Currency traders are reliant upon the global equity and interest rate market direction to indicate on a regional basis the acceptance of risk, and by default at this time the value of the USD. Intra-day currency charts are clearly showing that momentum waves are hitting harder as regional commercial markets in Asia, Europe, and the US, open and close for business and start the daily grind of finding fair value on risk in each economic region.
The global business cycles are not yet showing signs of growth and there is no confirmation that the contraction/trough phase is finished. That is the main reason the USD is having such a hard time each day holding fair value, and why the major currencies traded against the dollar are becoming increasingly volatile.
When either contraction or expansion are in place in the global business cycle it is fairly easy to value risk via the volatility seen in stocks and via the interest rate spreads on bonds and Libor (inter-bank lending rates). When these phases of the business cycle are in full swing currency values will be trending and the ebbs and flows of daily trade will continue in the overall direction of the trend.
When the markets transition from one business cycle to the other and hit a period of consolidation ahead of the trend change, as the market may be doing right now, the ebbs and flows of currency trade have to adjust three times a day rather than once, as each regional global market re-positions itself for a new value on the price of risk.
The new value on investment risk is seen in wider bond and Libor spreads, higher equity bid values, and also in the volatility of regional currency moves that cannot hold attempted breaks of tightly held ranges. Major currencies finished 2011 at similar values that they started from, confirming that high volatility cannot easily form a currency trend in the current economic environment.
In the last three months there have been one or two sets of 30-minute trade each day, on each pair, that housed most, if not all, of the daily movement. The subsequent follow through has not been worthwhile monitoring. The major pairs are all at their main 2011 swing points, and back to areas that were formed in December 2010. That however may be about to change as Quarter One of the New Year tends to more easily break and hold a range than any other.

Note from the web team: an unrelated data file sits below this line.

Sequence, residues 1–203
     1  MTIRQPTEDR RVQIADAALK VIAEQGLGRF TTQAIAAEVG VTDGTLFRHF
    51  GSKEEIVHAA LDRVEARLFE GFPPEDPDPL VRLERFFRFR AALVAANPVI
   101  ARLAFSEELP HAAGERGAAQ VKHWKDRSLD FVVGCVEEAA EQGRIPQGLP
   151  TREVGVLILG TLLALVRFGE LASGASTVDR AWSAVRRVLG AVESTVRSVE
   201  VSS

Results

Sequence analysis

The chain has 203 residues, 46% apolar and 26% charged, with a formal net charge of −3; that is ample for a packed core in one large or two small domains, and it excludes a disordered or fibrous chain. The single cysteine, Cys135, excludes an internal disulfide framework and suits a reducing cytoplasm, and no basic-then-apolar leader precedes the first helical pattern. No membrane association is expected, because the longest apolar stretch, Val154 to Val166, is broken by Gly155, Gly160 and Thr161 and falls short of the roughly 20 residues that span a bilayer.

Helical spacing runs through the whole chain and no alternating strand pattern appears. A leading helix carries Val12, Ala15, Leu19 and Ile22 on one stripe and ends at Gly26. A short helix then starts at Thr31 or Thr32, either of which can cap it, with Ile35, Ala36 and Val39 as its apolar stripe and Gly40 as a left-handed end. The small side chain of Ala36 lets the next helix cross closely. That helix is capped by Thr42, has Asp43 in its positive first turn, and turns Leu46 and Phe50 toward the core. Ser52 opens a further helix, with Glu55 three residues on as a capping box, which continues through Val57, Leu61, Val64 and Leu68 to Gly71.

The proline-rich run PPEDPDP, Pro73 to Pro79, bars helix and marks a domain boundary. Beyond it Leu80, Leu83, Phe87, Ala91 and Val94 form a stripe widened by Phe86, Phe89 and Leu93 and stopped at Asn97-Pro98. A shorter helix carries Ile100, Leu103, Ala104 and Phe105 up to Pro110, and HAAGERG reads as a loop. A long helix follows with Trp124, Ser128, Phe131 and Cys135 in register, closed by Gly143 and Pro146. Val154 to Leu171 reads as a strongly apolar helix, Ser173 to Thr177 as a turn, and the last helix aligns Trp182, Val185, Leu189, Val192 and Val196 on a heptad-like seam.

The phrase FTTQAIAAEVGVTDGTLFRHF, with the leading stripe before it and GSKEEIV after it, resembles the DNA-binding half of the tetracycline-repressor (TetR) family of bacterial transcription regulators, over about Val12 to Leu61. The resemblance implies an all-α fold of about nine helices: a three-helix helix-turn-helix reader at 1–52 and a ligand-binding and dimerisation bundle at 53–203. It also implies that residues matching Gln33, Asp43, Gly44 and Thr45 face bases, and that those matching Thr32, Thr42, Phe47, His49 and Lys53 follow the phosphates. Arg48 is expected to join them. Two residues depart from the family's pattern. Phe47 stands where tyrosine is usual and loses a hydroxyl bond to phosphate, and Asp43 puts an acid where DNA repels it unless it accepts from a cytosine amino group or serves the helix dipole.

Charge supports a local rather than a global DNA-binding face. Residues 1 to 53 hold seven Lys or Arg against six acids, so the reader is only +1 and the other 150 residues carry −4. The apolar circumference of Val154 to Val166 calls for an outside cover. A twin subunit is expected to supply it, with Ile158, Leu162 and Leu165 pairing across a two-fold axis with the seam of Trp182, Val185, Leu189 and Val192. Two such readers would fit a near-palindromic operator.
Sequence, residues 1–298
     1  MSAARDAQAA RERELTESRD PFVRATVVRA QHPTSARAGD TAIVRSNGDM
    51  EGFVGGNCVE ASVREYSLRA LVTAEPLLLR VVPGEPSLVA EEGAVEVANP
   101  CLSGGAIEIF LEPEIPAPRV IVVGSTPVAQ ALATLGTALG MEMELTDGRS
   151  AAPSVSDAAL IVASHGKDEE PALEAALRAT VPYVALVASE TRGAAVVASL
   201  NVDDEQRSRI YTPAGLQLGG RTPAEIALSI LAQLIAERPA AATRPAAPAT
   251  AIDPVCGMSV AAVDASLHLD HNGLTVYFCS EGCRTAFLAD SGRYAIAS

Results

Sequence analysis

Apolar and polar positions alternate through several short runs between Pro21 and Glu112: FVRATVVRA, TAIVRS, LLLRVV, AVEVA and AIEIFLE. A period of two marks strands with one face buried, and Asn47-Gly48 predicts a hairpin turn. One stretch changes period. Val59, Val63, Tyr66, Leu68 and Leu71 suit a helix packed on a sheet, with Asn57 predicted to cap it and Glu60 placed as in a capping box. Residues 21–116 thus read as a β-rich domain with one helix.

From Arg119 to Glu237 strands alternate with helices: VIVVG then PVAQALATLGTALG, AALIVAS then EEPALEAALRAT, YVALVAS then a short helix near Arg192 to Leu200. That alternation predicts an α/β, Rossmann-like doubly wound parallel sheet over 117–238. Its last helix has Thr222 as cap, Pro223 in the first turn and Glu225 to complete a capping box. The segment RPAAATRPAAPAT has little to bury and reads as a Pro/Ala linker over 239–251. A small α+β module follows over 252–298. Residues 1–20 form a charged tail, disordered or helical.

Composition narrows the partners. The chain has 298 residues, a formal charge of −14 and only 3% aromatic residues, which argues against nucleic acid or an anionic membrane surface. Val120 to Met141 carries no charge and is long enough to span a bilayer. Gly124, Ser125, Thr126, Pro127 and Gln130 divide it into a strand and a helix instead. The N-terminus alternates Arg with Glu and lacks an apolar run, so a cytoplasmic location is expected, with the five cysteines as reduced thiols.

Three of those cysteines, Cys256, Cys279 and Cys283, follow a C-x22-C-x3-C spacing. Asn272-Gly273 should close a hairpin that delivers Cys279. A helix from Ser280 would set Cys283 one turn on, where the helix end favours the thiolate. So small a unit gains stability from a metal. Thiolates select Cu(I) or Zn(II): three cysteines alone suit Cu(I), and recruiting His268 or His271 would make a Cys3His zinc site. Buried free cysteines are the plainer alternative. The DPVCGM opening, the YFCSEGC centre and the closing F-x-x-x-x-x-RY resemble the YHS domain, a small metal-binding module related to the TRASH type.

The US dollar stands head and shoulders above all others regarding the sheer number of bills in circulation, and a move on the dollar index (DXY) impacts so many more areas of the global economy that any other printed currency. Of all the main global asset classes the dollar index has the slowest moving reaction to breaking news headlines, and the lowest average daily trading range.
DXY is 10% off its 1996 valuations around 85.00, which is a swing point area that has been in play every year between 2001 and 2010. The strong inverse correlation between equity risk and USD relative safety that has both asset classes moving inversely will be hard to break. If S&P 500 equity indices trade holds above 1150 support, DXY will struggle to break above 81.50 resistance.
For the first time in a decade traders saw a year that was unable to touch 84.00 on DXY, which may signal a re-newed move against the dollar forming on the long-term charts.
Disclaimer: Bull or Bear, trader or investor, the above content reviews both sides of any situation with impunity in an effort to create fair and balanced output. Reactive markets require reactive analysis and an ability to accept changes as they happen. A headstrong opinion may be an impediment in the new-generation roller-coaster global trading arena; however, a systematic process of balanced analysis will always be an asset. Information, analysis and methodologies provided are for informational purposes only, obtained from sources believed to be reliable, and should not be used as a replacement for research by an individual investor or licensed investment professional. In no event should the content of this correspondence be construed as an express or implied promise, guarantee, or implication that profits or losses can be made or limited in any manner whatsoever. No guarantee of any kind is implied or possible where projections of future conditions are attempted.
Disclosure: I have no positions in any stocks mentioned, and no plans to initiate any positions within the next 72 hours.